Lactase (LCT), a member of the galactosidase family of enzyme, is involved in the hydrolysis of the disaccharide lactose into constituent galactose and glucose monomers. In humans, lactase is present predominantly along the brush border membrane of the differentiated enterocytes lining the villi of the small intestine.
Lactase is essential for digestive hydrolysis of lactose in milk. Deficiency of the enzyme causes lactose intolerance; most humans become lactose intolerant as adults. Lactase has an optimum temperature of about 48° C for its activity and an optimum pH of 6.5. In humans, the gene is localized on the second chromosome (2q21). Bacterial and Archaea lactase lacks a membrane binding domain and free float around the cell; these also tend to be more general galactosidase that will cleave more than just lactose.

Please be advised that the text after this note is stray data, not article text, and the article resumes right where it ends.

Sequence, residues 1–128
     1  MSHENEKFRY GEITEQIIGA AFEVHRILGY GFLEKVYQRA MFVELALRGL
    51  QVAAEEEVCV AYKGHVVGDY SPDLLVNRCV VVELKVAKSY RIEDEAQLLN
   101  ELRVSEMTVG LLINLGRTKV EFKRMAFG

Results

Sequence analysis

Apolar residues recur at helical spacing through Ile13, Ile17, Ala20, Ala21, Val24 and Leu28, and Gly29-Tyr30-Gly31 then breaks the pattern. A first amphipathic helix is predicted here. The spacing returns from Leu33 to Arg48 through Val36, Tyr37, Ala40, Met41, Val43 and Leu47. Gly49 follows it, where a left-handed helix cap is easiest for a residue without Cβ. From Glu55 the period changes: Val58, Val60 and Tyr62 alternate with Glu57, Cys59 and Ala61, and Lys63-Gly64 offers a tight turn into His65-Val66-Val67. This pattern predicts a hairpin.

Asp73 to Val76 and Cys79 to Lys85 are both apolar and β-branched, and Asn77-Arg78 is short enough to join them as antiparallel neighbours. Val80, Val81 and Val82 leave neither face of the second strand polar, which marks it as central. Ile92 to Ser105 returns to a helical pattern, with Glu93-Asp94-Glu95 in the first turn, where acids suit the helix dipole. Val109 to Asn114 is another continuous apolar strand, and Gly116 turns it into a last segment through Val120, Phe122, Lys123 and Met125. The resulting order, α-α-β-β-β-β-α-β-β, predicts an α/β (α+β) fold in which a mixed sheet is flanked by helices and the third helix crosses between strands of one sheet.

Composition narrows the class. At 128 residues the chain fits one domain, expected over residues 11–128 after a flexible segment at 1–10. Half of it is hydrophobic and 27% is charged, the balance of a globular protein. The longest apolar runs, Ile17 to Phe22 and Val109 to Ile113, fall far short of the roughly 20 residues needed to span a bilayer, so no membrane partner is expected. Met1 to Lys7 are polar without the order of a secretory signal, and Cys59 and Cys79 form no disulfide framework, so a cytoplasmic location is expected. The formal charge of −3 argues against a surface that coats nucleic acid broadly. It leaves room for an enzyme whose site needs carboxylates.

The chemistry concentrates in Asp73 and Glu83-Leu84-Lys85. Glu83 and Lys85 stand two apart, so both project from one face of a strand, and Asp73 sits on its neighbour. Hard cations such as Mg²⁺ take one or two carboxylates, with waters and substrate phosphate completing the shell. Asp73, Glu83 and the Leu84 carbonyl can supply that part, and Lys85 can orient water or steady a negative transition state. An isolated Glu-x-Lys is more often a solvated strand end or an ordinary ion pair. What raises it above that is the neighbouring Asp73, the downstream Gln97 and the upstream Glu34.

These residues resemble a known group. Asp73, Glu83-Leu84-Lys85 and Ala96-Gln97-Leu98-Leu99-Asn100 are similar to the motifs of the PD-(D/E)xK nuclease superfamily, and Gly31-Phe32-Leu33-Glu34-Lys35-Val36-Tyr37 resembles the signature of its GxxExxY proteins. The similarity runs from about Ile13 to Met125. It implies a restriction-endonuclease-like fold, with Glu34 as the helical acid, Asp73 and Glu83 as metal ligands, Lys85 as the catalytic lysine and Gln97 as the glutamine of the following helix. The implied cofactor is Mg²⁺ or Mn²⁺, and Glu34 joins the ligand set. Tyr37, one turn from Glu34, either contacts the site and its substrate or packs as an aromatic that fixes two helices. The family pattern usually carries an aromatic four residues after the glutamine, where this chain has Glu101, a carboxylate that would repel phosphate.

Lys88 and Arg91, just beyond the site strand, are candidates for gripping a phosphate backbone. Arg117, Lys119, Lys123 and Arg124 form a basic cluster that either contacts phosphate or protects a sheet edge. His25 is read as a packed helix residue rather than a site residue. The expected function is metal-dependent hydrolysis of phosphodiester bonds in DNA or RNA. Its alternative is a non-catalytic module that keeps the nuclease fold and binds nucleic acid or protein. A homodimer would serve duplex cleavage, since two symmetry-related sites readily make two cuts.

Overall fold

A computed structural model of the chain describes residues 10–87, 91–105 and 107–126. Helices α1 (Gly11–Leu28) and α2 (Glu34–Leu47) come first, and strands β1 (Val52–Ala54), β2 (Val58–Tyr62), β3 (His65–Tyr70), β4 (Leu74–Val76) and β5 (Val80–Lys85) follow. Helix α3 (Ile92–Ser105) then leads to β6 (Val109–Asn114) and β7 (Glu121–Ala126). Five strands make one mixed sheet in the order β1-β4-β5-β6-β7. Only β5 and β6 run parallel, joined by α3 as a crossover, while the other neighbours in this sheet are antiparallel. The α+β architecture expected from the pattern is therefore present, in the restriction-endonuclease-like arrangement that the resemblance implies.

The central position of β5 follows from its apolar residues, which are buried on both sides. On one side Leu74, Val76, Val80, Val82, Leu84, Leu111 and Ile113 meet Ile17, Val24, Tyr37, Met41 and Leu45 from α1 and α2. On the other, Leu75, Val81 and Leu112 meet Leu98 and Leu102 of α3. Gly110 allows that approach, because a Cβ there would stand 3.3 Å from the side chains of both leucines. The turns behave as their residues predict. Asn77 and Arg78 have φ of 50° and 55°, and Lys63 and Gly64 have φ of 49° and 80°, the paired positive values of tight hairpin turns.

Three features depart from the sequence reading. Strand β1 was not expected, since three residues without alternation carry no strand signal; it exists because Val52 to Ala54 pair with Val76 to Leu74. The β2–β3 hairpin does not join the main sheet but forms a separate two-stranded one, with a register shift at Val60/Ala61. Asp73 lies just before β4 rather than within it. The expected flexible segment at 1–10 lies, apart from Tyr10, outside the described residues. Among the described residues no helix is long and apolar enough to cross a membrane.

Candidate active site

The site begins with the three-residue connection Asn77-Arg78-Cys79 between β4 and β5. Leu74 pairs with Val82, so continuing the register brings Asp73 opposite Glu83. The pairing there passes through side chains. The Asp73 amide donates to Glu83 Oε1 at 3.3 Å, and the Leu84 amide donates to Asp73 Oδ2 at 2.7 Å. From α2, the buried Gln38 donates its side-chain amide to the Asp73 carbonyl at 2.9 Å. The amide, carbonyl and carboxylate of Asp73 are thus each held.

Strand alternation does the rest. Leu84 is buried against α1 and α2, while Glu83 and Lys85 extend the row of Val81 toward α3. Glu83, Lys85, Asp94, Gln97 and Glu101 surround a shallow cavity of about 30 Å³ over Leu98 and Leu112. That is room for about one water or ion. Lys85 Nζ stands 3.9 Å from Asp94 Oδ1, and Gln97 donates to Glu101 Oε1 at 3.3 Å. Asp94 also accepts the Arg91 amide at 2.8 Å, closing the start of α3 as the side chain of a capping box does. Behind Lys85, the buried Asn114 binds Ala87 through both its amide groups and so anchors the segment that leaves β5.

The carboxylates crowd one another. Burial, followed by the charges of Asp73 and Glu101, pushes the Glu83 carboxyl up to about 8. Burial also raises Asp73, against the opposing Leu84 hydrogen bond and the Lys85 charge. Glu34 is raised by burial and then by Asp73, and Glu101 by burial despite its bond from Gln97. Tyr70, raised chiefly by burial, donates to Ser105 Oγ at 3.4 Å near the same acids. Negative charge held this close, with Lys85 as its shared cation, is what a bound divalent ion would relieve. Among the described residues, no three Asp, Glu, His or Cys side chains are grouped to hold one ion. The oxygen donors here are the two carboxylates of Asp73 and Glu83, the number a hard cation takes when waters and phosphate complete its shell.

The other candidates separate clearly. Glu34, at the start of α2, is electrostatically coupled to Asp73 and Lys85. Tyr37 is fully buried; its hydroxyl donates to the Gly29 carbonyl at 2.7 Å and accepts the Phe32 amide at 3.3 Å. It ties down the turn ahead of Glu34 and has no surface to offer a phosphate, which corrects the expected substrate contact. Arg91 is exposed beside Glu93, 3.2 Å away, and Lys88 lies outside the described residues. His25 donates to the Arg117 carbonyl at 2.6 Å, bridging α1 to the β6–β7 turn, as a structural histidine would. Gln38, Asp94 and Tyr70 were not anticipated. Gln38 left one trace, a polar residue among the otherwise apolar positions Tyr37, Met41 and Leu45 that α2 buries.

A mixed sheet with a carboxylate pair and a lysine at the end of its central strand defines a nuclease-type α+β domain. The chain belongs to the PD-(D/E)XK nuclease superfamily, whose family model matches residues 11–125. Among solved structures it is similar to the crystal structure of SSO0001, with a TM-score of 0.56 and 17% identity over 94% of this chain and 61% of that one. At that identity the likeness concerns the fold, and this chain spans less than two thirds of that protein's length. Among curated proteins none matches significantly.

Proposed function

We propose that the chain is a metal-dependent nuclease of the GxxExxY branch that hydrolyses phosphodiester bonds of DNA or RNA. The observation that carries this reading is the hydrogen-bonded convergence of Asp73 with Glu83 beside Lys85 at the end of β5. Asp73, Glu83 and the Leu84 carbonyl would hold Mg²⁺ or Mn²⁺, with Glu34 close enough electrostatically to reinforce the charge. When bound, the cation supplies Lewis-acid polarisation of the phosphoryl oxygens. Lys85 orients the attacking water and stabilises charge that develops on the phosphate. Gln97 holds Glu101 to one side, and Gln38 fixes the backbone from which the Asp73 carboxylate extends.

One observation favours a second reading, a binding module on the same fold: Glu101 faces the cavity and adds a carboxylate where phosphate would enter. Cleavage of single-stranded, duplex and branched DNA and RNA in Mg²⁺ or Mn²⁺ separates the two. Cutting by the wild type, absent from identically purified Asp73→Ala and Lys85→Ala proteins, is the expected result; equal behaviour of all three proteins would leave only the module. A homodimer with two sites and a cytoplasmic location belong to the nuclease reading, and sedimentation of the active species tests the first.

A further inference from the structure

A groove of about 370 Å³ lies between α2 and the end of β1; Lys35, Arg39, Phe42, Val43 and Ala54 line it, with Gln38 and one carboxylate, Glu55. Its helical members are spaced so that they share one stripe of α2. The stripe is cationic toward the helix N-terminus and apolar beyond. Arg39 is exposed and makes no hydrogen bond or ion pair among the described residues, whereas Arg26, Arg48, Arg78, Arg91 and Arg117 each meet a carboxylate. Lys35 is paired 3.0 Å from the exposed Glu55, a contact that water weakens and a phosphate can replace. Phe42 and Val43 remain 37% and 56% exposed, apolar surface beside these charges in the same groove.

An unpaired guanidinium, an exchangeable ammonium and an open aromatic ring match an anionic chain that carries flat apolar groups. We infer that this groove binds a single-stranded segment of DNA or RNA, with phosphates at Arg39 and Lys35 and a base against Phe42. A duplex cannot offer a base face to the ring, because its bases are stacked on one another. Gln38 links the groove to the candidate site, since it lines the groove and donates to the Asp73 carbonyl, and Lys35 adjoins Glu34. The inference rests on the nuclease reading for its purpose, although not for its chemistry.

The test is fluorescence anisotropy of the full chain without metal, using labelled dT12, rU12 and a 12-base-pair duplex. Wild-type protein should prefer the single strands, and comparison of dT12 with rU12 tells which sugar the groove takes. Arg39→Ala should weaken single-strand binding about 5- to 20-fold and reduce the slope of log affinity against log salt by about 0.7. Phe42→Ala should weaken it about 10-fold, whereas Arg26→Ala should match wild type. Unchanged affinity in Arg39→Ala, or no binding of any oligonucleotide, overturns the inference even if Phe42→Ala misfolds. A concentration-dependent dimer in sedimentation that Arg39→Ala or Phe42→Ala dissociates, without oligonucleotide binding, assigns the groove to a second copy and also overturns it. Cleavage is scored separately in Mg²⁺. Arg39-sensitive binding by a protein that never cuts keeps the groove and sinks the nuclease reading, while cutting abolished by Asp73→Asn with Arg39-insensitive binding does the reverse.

A lipase is a water-soluble enzyme that catalyzes the hydrolysis of ester bonds in water–insoluble, lipid substrates. Most lipases act at a specific position on the glycerol backbone of a lipid substrate (A1, A2 or A3). In the example of human pancreatic lipase (HPL), which is the main enzyme responsible for breaking down fats in the human digestive system, a lipase acts to convert triglyceride substrates found in oils from food to monoglycerides and free fatty acids. A myriad of other lipase activities exist in nature, especially when the phospholipases and sphingomyelinases are considered.
Lipases are ubiquitous throughout living organisms, and genes encoding lipases are even present in certain viruses. While a diverse array of genetically distinct lipase enzymes are found in nature, most are built on an alpha/beta hydrolase fold and employ a chymotrypsin-like hydrolysis mechanism involving a serine nucleophile, an acid residue (usually aspartic acid), and a histidine.*